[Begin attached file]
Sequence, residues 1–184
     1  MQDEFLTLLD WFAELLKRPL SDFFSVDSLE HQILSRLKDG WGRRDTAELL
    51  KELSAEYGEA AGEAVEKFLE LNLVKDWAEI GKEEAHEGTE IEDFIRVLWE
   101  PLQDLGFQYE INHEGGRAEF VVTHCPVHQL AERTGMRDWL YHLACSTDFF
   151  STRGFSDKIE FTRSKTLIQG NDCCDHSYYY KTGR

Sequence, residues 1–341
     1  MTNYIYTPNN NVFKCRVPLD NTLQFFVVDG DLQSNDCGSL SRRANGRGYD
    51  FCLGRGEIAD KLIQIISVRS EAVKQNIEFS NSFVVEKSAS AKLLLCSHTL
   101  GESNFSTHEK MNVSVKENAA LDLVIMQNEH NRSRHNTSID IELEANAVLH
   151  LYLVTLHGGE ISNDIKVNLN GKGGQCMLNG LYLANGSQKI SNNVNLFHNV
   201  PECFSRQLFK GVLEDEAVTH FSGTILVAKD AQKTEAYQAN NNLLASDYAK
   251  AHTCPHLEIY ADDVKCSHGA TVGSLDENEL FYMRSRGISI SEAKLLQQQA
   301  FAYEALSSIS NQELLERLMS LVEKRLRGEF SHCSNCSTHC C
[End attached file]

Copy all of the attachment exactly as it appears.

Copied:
Sequence, residues 1–184
     1  MQDEFLTLLD WFAELLKRPL SDFFSVDSLE HQILSRLKDG WGRRDTAELL
    51  KELSAEYGEA AGEAVEKFLE LNLVKDWAEI GKEEAHEGTE IEDFIRVLWE
   101  PLQDLGFQYE INHEGGRAEF VVTHCPVHQL AERTGMRDWL YHLACSTDFF
   151  STRGFSDKIE FTRSKTLIQG NDCCDHSYYY KTGR

Sequence, residues 1–341
     1  MTNYIYTPNN NVFKCRVPLD NTLQFFVVDG DLQSNDCGSL SRRANGRGYD
    51  FCLGRGEIAD KLIQIISVRS EAVKQNIEFS NSFVVEKSAS AKLLLCSHTL
   101  GESNFSTHEK MNVSVKENAA LDLVIMQNEH NRSRHNTSID IELEANAVLH
   151  LYLVTLHGGE ISNDIKVNLN GKGGQCMLNG LYLANGSQKI SNNVNLFHNV
   201  PECFSRQLFK GVLEDEAVTH FSGTILVAKD AQKTEAYQAN NNLLASDYAK
   251  AHTCPHLEIY ADDVKCSHGA TVGSLDENEL FYMRSRGISI SEAKLLQQQA
   301  FAYEALSSIS NQELLERLMS LVEKRLRGEF SHCSNCSTHC C